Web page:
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Monday, June 4, 2012

A Writer's View of Inception (Spoilers)

[As of this writing, still no word has been heard from Writing About Writing's head writer and executive producer, Chris Brecheen.  The SciGuy is using terribly scientific and absurdly sophisticated audio analysis equipment to review the log of Chris's interrupted segment on Thursday.  As of yet, we have only a single lead.  We know that Chris and the two federal agents were not alone in the studio at the time of the incident.  In the mean time, we know that Chris had more written about Kublacon, but no one knows the password on his laptop.  We have had to dig through some of the hard copy archives to find a Monday-worthy article.]  

This article contains spoilers for Inception. 


Wants vs. Needs:  Why Inception Makes its Own Big, Burning Question Utterly Moot*

Occasionally I am reminded that I simply look at art differently than a lot of people. Well, really almost all artists I've encountered share this perspective, so it's not exactly an elite cadre. I also don't think it's "better" than just enjoying entertainment for entertainment's sake.  (Though I might argue that it fosters a deeper appreciation of well woven elements.)  I just think that when we look at art, we tend to look watch for different kinds of things--especially deliberate decisions on the part of the artist and what they might mean.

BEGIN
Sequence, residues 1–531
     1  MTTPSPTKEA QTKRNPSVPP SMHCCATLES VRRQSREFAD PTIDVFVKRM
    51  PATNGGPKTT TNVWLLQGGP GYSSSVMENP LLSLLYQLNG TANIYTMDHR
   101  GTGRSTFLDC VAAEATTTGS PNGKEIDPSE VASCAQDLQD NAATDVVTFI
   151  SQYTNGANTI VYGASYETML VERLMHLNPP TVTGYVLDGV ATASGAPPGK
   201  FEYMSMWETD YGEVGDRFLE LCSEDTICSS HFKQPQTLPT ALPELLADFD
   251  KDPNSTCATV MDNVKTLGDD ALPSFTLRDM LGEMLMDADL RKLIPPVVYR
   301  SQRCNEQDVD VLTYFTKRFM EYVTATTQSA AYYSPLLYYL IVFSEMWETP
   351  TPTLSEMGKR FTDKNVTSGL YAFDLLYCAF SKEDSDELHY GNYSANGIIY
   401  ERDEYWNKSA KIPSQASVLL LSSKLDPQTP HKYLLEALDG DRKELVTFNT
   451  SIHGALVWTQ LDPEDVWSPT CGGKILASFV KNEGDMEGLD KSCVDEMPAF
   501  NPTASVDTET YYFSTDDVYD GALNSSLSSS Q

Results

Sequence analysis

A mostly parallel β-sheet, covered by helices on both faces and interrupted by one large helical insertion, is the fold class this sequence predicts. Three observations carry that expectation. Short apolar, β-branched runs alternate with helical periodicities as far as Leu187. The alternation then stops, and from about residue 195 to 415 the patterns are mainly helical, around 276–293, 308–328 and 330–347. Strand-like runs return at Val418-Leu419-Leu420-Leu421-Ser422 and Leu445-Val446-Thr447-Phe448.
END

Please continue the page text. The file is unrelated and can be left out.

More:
For example...Inception.

As the blog reviews, friends lists of Livejournal, and conversations around me exploded with discussions of whether or not Cobb was dreaming at the end, I realized that it was unusual that I didn't particularly care to know or guess. I LOVED the ending. It was perfect with perfect sauce.

Most people wanted to decode the movie.  They wanted to figure out what "really" happened. Websites and conversations alike meticulously categorized the "proofs" of one hypothesis or another.